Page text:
What to Do If You Think You Have a Food Sensitivity

McKenna Princing Fact Checked
A woman holds a cactus in an ice cream cone.
© Thais Varela / Stocksy United

Maybe you’ve noticed your stomach gets a little wonky after eating gluten. Or you saw an advertisement on Facebook for an at-home food sensitivity test kit and thought it could help you figure out why you’ve been so gassy lately.

Many of us have stomachs that don’t approve of certain foods. But is it an intolerance? Maybe an allergy? Can an at-home test help you figure out what the problem is and what to do about it?

Here’s what you need to know about food sensitivities, those at-home tests and how to get your stomach back on the right track. 

Food sensitivity vs. food allergy

First, it’s important to clear up one major misconception: food allergies and food intolerances or sensitivities are not the same thing.

“People get really confused between the three. I always ask every patient if they have any intolerances or allergies, and they’ll often give me a list of seven things and say, ‘I can’t eat soy, dairy, gluten, pineapple, eggs, etc.,’” says Judy Simon, a registered dietitian nutritionist who sees patients at UW Medical Center – Roosevelt. 

A food allergy is an immune response, whereas a food intolerance is often a digestive issue, Simon explains. 

With an allergy, your body mistakes a specific food, such as peanuts or eggs, as an invader and ramps up its immune response. This causes potentially life-threatening symptoms such as severe hives, breathing problems or anaphylactic shock

In contrast, most food intolerances are (thankfully) not dangerous but can be extremely uncomfortable. (Not-so-fun fact: Irritable bowel syndrome (IBS) is often connected to having food intolerances, according to Simon.)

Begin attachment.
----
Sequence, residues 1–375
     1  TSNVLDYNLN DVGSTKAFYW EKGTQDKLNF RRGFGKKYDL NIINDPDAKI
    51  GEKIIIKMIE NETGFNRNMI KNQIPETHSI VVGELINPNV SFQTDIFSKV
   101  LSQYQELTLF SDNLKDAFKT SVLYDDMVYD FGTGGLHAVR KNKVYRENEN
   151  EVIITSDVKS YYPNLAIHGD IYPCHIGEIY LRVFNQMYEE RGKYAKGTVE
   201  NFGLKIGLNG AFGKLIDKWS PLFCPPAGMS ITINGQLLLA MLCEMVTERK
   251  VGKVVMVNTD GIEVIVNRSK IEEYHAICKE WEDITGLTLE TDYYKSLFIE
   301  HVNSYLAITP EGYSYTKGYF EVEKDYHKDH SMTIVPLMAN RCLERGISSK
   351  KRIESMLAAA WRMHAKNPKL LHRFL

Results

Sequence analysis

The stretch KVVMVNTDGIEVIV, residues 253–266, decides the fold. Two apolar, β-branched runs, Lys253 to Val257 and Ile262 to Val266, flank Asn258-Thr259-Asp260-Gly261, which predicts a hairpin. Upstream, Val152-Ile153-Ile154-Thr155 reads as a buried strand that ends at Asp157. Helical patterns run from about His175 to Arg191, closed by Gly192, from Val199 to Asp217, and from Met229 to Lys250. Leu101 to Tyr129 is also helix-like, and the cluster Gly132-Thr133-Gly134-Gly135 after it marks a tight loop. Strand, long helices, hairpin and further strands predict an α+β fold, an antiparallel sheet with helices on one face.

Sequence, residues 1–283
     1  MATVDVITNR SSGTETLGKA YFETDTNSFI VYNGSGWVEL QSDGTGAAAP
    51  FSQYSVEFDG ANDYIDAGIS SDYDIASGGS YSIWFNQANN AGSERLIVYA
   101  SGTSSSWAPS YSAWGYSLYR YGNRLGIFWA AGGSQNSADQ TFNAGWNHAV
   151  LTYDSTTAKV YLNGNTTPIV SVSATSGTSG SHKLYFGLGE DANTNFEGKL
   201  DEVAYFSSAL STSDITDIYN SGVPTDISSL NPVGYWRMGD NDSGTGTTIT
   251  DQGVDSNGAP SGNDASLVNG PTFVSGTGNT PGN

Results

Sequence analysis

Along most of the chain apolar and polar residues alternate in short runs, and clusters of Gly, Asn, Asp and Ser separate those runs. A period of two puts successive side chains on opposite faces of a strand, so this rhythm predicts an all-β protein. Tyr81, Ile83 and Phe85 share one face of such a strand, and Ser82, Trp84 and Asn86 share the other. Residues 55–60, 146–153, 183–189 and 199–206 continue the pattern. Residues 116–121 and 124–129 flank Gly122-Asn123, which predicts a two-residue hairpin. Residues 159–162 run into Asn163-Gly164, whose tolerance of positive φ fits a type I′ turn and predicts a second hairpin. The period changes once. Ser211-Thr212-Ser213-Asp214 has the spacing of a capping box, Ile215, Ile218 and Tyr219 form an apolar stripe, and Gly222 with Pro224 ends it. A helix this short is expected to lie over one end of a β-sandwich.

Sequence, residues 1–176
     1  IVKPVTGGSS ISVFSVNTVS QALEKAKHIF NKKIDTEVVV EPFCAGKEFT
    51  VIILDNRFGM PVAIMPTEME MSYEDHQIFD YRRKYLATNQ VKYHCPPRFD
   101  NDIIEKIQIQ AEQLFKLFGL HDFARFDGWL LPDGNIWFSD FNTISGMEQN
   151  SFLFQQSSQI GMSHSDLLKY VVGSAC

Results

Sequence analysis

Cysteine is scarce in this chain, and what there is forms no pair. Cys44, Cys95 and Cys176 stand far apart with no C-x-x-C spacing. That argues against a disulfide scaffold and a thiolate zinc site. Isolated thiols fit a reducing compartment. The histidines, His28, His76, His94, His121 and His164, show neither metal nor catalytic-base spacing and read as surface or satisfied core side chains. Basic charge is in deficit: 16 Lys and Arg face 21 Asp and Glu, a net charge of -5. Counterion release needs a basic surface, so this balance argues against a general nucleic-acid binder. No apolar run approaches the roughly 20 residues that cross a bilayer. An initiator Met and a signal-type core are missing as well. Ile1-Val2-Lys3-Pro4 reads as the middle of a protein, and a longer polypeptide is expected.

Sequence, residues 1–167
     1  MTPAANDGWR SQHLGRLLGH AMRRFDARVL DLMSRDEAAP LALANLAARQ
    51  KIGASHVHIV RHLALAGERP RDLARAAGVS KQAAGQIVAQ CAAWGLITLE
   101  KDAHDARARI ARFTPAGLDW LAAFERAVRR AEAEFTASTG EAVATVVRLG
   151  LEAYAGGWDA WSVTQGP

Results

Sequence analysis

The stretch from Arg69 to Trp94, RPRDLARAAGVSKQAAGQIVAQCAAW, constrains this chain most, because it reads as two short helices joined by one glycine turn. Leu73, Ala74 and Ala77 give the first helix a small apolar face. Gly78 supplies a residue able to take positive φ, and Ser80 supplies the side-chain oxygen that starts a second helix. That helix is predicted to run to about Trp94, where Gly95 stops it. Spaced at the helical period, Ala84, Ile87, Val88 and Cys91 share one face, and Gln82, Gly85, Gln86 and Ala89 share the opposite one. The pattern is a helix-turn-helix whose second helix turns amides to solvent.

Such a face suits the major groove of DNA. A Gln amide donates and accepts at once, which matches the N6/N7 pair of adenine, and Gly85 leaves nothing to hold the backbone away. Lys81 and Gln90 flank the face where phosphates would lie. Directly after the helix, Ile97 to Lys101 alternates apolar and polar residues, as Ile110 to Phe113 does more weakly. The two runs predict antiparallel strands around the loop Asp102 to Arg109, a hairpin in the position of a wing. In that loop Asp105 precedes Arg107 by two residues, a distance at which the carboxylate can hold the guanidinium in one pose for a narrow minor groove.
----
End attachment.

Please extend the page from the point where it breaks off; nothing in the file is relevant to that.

Take lactose intolerance, which Simon says impacts around two-thirds of the worldwide population to some degree. With this condition, your body lacks enough of an enzyme called lactase, used to digest foods that have lactose in them, such as milk, cheese and other dairy products. Because of this, the bacteria in lactose ferments in the gut instead of broken down in the digestive tract normally. This causes bloating, diarrhea and other unpleasant symptoms. 

In some cases, people may get reflux-like symptoms from a food sensitivity, such as heartburn, phlegm or even irritation in the skin around the mouth. Symptoms like these are often caused by acidic foods and drinks such as citrus fruits or coffee.

People can have food intolerances to all kinds of things, such as caffeine, sulfites or FODMAPs, which stand for fermentable oligosaccharides, disaccharides, monosaccharides and polyols, which are all types of carbs.

There are other diseases that can cause digestive issues, such as celiac disease, which is an autoimmune disorder that causes an immune reaction to gluten. People with celiac disease won’t go into anaphylactic shock, but they still shouldn’t eat gluten because it damages their small intestine, leading to other health issues.  

Why at-home food intolerance tests don’t work

Before you buy that at-home test kit for food sensitivities, there’s something you should know: it’s not testing what you think it is, which means it won’t give you the results you’re looking for.

It all comes down to antibodies. To detect a true food allergy, doctors will do a test to see how much of the IgE (which stands for immunoglobin E) antibody your body produces. This is the antibody that triggers an allergic reaction. 

At-home food sensitivity test kits, however, don’t test for IgE; they test for IgG, a different antibody that our body produces naturally after eating, well, lots of different things.